Exercism v3 launches on Sept 1st 2021. Learn more! ๐Ÿš€๐Ÿš€๐Ÿš€
Avatar of rootulp

rootulp's solution

to Raindrops in the Python Track

Published at Dec 28 2018 · 0 comments
Test suite


This exercise has changed since this solution was written.

Convert a number to a string, the contents of which depend on the number's factors.

  • If the number has 3 as a factor, output 'Pling'.
  • If the number has 5 as a factor, output 'Plang'.
  • If the number has 7 as a factor, output 'Plong'.
  • If the number does not have 3, 5, or 7 as a factor, just pass the number's digits straight through.


  • 28's factors are 1, 2, 4, 7, 14, 28.
    • In raindrop-speak, this would be a simple "Plong".
  • 30's factors are 1, 2, 3, 5, 6, 10, 15, 30.
    • In raindrop-speak, this would be a "PlingPlang".
  • 34 has four factors: 1, 2, 17, and 34.
    • In raindrop-speak, this would be "34".

Exception messages

Sometimes it is necessary to raise an exception. When you do this, you should include a meaningful error message to indicate what the source of the error is. This makes your code more readable and helps significantly with debugging. Not every exercise will require you to raise an exception, but for those that do, the tests will only pass if you include a message.

To raise a message with an exception, just write it as an argument to the exception type. For example, instead of raise Exception, you should write:

raise Exception("Meaningful message indicating the source of the error")

Running the tests

To run the tests, run the appropriate command below (why they are different):

  • Python 2.7: py.test raindrops_test.py
  • Python 3.4+: pytest raindrops_test.py

Alternatively, you can tell Python to run the pytest module (allowing the same command to be used regardless of Python version): python -m pytest raindrops_test.py

Common pytest options

  • -v : enable verbose output
  • -x : stop running tests on first failure
  • --ff : run failures from previous test before running other test cases

For other options, see python -m pytest -h

Submitting Exercises

Note that, when trying to submit an exercise, make sure the solution is in the $EXERCISM_WORKSPACE/python/raindrops directory.

You can find your Exercism workspace by running exercism debug and looking for the line that starts with Workspace.

For more detailed information about running tests, code style and linting, please see Running the Tests.


A variation on a famous interview question intended to weed out potential candidates. http://jumpstartlab.com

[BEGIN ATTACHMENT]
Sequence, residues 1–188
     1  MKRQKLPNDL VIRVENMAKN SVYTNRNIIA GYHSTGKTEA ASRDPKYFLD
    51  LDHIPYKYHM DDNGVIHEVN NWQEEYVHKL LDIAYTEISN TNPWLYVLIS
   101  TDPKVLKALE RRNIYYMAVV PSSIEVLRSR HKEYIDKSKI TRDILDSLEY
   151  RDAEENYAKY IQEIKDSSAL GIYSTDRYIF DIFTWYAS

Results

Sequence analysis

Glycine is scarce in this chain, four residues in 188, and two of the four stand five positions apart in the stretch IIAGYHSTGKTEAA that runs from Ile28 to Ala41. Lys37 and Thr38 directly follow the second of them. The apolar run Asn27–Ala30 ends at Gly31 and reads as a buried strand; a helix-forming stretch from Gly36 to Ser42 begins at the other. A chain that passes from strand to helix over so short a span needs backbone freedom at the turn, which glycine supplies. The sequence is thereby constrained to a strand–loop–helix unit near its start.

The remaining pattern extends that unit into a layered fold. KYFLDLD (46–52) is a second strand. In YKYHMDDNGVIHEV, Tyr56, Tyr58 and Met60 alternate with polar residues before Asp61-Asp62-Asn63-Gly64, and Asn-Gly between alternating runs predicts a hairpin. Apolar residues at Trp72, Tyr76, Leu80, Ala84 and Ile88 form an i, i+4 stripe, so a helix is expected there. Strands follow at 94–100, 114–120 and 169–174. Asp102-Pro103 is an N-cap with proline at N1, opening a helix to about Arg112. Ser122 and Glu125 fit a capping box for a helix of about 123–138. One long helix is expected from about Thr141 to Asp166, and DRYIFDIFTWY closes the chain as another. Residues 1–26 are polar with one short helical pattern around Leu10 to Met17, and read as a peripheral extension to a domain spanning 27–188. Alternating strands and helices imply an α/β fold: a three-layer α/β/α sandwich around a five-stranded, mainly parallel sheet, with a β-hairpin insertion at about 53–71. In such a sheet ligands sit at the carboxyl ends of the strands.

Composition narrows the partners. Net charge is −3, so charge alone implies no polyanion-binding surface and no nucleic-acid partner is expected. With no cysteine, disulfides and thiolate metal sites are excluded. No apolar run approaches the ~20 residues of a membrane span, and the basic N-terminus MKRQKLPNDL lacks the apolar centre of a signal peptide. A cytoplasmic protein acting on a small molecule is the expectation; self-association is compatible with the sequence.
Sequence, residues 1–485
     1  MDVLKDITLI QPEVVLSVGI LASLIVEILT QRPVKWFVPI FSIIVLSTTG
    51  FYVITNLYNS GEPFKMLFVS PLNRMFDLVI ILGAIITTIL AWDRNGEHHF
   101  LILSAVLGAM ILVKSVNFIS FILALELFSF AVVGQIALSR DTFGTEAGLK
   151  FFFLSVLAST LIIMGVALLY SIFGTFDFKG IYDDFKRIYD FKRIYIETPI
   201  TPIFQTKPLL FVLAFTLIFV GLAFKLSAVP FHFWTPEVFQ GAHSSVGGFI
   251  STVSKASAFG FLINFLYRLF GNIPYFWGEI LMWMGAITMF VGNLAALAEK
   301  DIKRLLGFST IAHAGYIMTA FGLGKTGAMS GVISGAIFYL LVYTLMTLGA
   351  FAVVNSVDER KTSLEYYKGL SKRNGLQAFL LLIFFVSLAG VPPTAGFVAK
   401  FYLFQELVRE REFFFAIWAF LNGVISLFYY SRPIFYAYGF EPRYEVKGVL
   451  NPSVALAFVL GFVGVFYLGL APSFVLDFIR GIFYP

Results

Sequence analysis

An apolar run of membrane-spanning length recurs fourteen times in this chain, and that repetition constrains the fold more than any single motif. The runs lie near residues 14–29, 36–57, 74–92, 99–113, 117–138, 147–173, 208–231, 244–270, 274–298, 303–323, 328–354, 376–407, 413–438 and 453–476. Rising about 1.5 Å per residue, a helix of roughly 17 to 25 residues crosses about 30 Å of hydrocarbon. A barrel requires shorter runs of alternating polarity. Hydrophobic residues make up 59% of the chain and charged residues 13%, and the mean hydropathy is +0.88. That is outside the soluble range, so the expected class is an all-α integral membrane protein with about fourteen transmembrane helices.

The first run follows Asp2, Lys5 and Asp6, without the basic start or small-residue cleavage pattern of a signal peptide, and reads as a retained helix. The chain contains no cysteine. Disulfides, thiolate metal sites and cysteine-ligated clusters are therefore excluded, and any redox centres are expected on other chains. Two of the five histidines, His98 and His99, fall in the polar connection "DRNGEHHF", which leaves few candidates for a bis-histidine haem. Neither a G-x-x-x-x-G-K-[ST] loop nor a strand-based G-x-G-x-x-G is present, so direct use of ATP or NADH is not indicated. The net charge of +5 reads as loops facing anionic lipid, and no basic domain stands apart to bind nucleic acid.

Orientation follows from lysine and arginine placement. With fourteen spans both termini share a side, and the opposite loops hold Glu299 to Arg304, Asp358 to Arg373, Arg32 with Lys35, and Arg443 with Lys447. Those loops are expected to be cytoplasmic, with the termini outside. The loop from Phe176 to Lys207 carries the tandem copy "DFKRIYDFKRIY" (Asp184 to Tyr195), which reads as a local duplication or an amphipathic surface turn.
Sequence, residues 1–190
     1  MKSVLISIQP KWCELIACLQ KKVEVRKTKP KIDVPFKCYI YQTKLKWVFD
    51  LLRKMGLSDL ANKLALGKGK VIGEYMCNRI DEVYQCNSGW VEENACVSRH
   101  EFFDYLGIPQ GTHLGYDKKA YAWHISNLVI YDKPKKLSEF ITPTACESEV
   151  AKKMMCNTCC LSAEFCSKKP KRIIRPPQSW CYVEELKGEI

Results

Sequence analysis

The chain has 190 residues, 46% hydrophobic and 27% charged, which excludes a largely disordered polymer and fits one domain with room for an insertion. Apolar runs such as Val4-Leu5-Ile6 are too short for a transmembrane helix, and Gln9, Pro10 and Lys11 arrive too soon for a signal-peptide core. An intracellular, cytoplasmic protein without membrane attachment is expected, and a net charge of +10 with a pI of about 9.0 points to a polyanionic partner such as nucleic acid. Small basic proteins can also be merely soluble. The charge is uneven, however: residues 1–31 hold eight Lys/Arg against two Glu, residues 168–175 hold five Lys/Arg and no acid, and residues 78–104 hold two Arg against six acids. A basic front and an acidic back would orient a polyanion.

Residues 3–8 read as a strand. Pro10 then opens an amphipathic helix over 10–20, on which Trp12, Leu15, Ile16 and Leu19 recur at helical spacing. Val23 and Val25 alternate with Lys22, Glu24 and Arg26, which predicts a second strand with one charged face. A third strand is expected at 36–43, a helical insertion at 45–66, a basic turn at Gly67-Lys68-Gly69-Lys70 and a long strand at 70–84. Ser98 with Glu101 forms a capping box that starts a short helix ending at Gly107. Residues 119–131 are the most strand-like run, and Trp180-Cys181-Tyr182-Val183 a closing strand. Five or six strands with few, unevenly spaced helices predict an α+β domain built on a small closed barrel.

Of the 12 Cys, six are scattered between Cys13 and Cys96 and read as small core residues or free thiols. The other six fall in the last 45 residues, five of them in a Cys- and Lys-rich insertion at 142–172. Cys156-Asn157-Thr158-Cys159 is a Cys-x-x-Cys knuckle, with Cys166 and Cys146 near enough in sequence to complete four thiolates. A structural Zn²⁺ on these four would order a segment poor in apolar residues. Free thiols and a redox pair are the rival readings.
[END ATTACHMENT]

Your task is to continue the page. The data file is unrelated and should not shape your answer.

Submitting Incomplete Solutions

It's possible to submit an incomplete solution so you can see how others have completed the exercise.


import unittest

from raindrops import raindrops

# Tests adapted from `problem-specifications//canonical-data.json` @ v1.1.0

class RaindropsTest(unittest.TestCase):
    def test_the_sound_for_1_is_1(self):
        self.assertEqual(raindrops(1), "1")

    def test_the_sound_for_3_is_pling(self):
        self.assertEqual(raindrops(3), "Pling")

    def test_the_sound_for_5_is_plang(self):
        self.assertEqual(raindrops(5), "Plang")

    def test_the_sound_for_7_is_plong(self):
        self.assertEqual(raindrops(7), "Plong")

    def test_the_sound_for_6_is_pling(self):
        self.assertEqual(raindrops(6), "Pling")

    def test_2_to_the_power_3_does_not_make_sound(self):
        self.assertEqual(raindrops(8), "8")

    def test_the_sound_for_9_is_pling(self):
        self.assertEqual(raindrops(9), "Pling")

    def test_the_sound_for_10_is_plang(self):
        self.assertEqual(raindrops(10), "Plang")

    def test_the_sound_for_14_is_plong(self):
        self.assertEqual(raindrops(14), "Plong")

    def test_the_sound_for_15_is_plingplang(self):
        self.assertEqual(raindrops(15), "PlingPlang")

    def test_the_sound_for_21_is_plingplong(self):
        self.assertEqual(raindrops(21), "PlingPlong")

    def test_the_sound_for_25_is_plang(self):
        self.assertEqual(raindrops(25), "Plang")

    def test_the_sound_for_27_is_pling(self):
        self.assertEqual(raindrops(27), "Pling")

    def test_the_sound_for_35_is_plangplong(self):
        self.assertEqual(raindrops(35), "PlangPlong")

    def test_the_sound_for_49_is_plong(self):
        self.assertEqual(raindrops(49), "Plong")

    def test_the_sound_for_52_is_52(self):
        self.assertEqual(raindrops(52), "52")

    def test_the_sound_for_105_is_plingplangplong(self):
        self.assertEqual(raindrops(105), "PlingPlangPlong")

    def test_the_sound_for_12121_is_12121(self):
        self.assertEqual(raindrops(12121), "12121")

if __name__ == '__main__':
def raindrops(number):
    message = convert_to_message(number)
    return message if message else "{}".format(number)

def convert_to_message(number):
    return f"{'Pling' if is_three_a_factor(number) else ''}" \
           f"{'Plang' if is_five_a_factor(number) else ''}" \
           f"{'Plong' if is_seven_a_factor(number) else ''}"

def is_three_a_factor(number):
    return is_factor(number, 3)

def is_five_a_factor(number):
    return is_factor(number, 5)

def is_seven_a_factor(number):
    return is_factor(number, 7)

def is_factor(number, potentialFactor):
    return number % potentialFactor == 0

Community comments

Find this solution interesting? Ask the author a question to learn more.

What can you learn from this solution?

A huge amount can be learned from reading other peopleโ€™s code. This is why we wanted to give exercism users the option of making their solutions public.

Here are some questions to help you reflect on this solution and learn the most from it.

  • What compromises have been made?
  • Are there new concepts here that you could read more about to improve your understanding?